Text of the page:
America’s birthday is nearly here! Don’t forget about your furry friend while planning your Fourth of July celebrations. Use the following checklist to keep your pet safe and secure this Independence Day.

Reduce your pet’s fear and anxiety

Fireworks displays are beautiful and fun for us, but they can be terrifying for our pets. Many pets suffer from noise aversion and phobias, and the sounds of fireworks can cause your sweet pup’s fight-or-flight response to kick in. To help your pet through the scary noises:

  • Create a safe place for your pet — Dedicate an interior room of your home to your furry friend. Close all windows, doors, and window treatments, and place a few of your pet’s favorite items in the room, including her crate, bedding, toys, and long-lasting treats or food puzzles. Plug in a pheromone diffuser, and play calming music in the room. 
  • Desensitize your pet to the sounds — Before the big day, begin playing the sounds of fireworks at a low volume in your home. While playing the sounds, give your pet plenty of high-value treats and praise. Each day, increase the volume slightly while still providing treats and praise, until the volume is similar to the real thing. This will help your pet develop a positive association with the once-scary sounds. 
  • Calm your pet with compression — Like infants, many pets are comforted when they are “swaddled.” A pet’s equivalent to this can be accomplished with compression products, like the ThunderShirt.  
  • Ask us about supplements and medications — Some pets experience extreme anxiety and may benefit from anti-anxiety supplements or medications. Call our office to discuss the options that would be appropriate for your pet.

Update your pet’s identification

More pets are lost over the Fourth of July holiday than any other day of the year. To increase your pet’s chances of being reunited with you in case she becomes lost:

  • Have your pet microchipped — A microchip is a permanent form of identification that is injected just beneath the surface of your pet’s skin. It is a simple, in-office procedure that is similar to your pet receiving a vaccine. The microchip is registered with your contact information, and if your pet is lost and taken to a shelter or veterinary hospital, she will be scanned for a microchip, and you will be contacted.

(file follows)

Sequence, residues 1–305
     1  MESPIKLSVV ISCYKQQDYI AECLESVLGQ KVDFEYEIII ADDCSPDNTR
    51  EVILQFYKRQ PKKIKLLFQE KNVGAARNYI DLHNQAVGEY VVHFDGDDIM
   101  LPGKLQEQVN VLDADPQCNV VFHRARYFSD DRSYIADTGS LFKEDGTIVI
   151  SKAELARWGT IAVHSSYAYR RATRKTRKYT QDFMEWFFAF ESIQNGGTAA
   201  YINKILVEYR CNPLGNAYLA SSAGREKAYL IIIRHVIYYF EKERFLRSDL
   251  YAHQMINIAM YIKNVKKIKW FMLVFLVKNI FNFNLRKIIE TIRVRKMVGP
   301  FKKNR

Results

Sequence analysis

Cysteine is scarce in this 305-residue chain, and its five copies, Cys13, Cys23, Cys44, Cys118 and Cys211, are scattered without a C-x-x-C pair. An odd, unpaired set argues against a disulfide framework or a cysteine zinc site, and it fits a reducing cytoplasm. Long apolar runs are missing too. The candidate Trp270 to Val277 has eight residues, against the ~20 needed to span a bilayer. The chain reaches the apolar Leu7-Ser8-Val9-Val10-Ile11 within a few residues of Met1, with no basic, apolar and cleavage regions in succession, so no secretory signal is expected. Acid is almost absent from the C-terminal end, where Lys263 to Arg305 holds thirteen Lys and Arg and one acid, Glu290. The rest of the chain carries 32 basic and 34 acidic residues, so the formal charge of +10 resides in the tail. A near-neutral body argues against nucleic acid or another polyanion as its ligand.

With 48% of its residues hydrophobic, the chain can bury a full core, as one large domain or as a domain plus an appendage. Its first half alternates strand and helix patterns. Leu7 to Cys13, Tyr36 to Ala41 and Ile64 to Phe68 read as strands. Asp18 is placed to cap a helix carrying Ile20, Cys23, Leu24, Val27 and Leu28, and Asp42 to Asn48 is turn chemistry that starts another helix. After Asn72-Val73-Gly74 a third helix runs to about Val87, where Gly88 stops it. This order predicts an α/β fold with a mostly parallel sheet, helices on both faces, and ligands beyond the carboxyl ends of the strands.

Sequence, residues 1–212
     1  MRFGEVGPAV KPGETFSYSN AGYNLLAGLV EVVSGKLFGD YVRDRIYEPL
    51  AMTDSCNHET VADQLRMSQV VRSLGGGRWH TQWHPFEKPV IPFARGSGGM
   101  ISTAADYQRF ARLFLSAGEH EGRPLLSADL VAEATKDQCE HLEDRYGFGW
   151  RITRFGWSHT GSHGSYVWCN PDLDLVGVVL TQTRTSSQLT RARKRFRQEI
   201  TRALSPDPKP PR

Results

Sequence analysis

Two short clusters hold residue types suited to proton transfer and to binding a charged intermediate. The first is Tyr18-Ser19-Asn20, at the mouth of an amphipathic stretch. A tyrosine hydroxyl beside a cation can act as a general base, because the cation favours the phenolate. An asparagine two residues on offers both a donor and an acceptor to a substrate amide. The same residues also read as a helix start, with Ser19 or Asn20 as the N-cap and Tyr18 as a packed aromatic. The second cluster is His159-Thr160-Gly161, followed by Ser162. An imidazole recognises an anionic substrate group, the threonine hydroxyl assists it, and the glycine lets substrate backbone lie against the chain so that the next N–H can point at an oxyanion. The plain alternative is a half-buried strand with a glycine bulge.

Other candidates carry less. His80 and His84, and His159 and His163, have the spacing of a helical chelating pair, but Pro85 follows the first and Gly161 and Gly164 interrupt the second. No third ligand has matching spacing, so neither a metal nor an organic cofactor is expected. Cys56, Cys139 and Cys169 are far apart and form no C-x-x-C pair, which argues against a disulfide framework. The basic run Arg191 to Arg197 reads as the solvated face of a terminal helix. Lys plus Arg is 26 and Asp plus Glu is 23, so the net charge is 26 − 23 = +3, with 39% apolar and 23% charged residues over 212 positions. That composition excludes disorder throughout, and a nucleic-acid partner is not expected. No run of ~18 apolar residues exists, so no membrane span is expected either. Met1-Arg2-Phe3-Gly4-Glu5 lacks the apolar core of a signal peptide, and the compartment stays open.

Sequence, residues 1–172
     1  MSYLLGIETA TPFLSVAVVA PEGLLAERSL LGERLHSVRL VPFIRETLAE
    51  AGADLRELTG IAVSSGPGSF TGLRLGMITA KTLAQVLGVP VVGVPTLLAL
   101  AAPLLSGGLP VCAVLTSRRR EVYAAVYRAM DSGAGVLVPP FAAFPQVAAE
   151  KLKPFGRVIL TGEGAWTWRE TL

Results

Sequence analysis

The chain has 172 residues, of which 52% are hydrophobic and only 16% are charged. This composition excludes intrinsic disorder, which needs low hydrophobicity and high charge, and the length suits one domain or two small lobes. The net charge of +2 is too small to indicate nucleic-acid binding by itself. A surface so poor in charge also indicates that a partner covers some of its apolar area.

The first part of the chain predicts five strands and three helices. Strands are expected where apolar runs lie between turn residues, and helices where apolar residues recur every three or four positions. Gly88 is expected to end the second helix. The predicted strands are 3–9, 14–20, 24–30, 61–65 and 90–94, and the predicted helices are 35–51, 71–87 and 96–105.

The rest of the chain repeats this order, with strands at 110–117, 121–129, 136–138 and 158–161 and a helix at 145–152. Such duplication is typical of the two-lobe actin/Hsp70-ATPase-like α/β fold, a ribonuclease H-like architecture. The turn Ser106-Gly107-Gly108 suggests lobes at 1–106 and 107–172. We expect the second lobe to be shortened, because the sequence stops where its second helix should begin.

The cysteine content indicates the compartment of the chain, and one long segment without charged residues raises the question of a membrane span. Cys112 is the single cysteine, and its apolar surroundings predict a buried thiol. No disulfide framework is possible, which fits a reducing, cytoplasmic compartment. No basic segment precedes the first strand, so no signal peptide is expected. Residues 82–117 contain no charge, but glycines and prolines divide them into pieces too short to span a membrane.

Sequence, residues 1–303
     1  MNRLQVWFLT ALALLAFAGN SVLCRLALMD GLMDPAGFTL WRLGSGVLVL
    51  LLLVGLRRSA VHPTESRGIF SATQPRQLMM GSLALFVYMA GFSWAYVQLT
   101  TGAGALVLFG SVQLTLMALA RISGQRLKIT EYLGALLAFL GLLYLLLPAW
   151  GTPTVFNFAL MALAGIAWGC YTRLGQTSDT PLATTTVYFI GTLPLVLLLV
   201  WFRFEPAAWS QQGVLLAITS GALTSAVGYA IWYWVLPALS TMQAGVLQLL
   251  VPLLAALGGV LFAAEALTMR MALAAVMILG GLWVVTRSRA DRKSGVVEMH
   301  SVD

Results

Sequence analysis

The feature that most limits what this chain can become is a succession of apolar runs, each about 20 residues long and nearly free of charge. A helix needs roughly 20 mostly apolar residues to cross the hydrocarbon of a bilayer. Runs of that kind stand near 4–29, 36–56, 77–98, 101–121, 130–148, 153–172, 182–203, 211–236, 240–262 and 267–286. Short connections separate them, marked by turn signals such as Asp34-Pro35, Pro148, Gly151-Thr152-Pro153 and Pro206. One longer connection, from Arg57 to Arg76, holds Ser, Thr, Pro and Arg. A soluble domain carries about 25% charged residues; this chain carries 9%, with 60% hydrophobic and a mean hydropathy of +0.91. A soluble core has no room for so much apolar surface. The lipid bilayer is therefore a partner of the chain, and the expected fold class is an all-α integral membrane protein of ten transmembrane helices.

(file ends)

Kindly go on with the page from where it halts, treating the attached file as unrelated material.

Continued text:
• Ensure your pet’s ID tags on her collar are current — Your pet should always wear a collar with up-to-date identification tags.

Don’t include your pet at the party

Fourth of July gatherings often include delicious food, fun backyard fireworks, and friends and family coming and going—all of which can mean danger for pets. To keep your pet safe:

  • Keep dangerous food out of paw’s reach — Animal bones and corn cobs can become lodged in your pet’s gastrointestinal tract, causing a life-threatening obstruction that would require surgery to remove. Chocolate, grapes, raisins, alcohol, macadamia nuts, and other popular party foods are toxic to pets. And, foods high in fat can lead to gastrointestinal upset, vomiting, diarrhea, or pancreatitis. 
  • Keep dangerous items out of paw’s reach — Firecrackers and sparklers, tiki torch fluid, citronella candles, and other popular backyard party items can lead to an emergency veterinary visit if your pet consumes them or comes into contact with them.

Keep your pet cool

Independence Day is often a scorcher. To prevent your pet from suffering from heat exhaustion or heatstroke:  

  • Don’t leave your pet in the heat — Ensure your pet always has access to fresh, cool water and shade. Limit outdoor time during the hottest parts of the day to short bathroom breaks. And, never leave your pet in a car alone—even for only a few minutes—on a warm day. Instead, leave your pet at home in the comfort of the air conditioning. 
  • Know the signs of heatstroke — Some pets are more susceptible to heatstroke, including those who are young or old, overweight, thick-coated, and brachycephalic (short-nosed and flat-faced) breeds, but any dog or cat can succumb to heatstroke. The signs of heatstroke in pets include excessive panting, glazed eyes, difficulty breathing, bright red gums, excessive thirst, lethargy, lack of coordination, vomiting, and sudden collapse.
  • Know what to do if your pet becomes overheated — Heatstroke in pets is an emergency. If your pet shows signs of heatstroke, immediately move her to a cool area and give her water to drink. Wet her down with cool—not ice-cold—water. Then, bring her to our hospital or the nearest emergency veterinarian.

Ready to enjoy the Fourth of July responsibly with your pet? Call our office if you have questions about keeping your pet safe this Independence Day.